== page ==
Writers on Writing #52: Ryan Werner
How to Make -$1377 the Hard Way
Punk rock means that not only do all the eggs go in the basket, but you decide what the eggs and the basket are. Anyone who understands this probably doesn’t need the reminder and anyone who doesn’t understand it probably isn’t going to have a revelation concerning it, so I’ll stop being indignant before I get wet under the arms about it.
I started a micropress, published my own chapbook, and got in a car to drive around the country promoting it at any place that will return my e-mails and phone calls not because I think the system is broken. I just think the system is bigger than it appears to be.
This isn’t a rally against anything, unless you want it to be.
Get in the van.
I figured out what an indie lit journal is because the big journals with a state name and the word “review” in their title kind of scared me, had me convinced that only professionals were allowed.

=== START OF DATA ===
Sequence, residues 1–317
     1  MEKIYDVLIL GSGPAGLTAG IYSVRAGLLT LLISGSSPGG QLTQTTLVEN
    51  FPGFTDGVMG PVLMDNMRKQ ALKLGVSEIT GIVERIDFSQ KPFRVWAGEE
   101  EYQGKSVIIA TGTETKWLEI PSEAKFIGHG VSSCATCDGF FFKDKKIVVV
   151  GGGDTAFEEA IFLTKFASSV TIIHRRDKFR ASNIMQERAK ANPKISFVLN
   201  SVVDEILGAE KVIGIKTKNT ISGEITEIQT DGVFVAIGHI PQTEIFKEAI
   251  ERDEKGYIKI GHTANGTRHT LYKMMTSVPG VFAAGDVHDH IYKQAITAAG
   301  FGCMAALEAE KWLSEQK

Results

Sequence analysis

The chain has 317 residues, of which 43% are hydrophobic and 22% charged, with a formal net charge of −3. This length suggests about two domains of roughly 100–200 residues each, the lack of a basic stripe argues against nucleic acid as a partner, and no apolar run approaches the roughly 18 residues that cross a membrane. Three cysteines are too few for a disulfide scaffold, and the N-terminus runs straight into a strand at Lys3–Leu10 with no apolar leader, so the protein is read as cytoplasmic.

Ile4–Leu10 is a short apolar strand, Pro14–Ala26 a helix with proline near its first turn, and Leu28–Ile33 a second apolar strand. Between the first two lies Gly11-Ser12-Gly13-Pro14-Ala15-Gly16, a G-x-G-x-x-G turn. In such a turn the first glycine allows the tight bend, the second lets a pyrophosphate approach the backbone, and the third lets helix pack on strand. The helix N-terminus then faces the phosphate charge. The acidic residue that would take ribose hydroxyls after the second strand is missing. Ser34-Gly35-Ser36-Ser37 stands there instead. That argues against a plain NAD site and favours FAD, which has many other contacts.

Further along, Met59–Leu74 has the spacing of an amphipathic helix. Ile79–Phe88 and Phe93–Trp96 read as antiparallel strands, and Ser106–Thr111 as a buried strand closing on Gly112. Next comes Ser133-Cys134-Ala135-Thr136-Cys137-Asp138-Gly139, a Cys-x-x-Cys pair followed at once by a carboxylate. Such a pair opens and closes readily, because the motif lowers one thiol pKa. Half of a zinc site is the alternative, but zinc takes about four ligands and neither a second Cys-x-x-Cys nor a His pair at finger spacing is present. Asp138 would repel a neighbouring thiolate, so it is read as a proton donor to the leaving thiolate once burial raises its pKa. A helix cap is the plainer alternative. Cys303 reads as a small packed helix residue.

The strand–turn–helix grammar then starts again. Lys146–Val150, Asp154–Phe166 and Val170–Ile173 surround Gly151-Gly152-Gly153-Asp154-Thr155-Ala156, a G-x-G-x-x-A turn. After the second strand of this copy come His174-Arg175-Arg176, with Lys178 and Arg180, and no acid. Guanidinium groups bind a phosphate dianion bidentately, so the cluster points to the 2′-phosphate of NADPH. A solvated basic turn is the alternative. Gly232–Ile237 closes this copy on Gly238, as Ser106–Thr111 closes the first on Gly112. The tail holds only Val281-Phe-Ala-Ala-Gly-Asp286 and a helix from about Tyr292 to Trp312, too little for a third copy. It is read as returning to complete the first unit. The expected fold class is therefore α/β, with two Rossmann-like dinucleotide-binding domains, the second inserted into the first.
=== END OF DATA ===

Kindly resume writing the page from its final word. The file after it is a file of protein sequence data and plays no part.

Regardless of how much I complain about lots of journals now—full immersion in anything really lends itself to bitching—they’re still the same thing they’ve always been: a place where one or two or a handful of people publish the things they like to read, almost always without having to be concerned about a market or sales and general bullshit.
Very few of us are making a ton of money by writing stories or poems or essays. No matter the size or prestige of a journal, take comfort in knowing that if your work is accepted by a small place that only has a handful of likes on its Facebook page or doesn’t really have an awesome layout on their website or is essentially unknown and untested in many ways, that a stranger read your work and wanted to put their name on it. You can’t pay the rent with cred.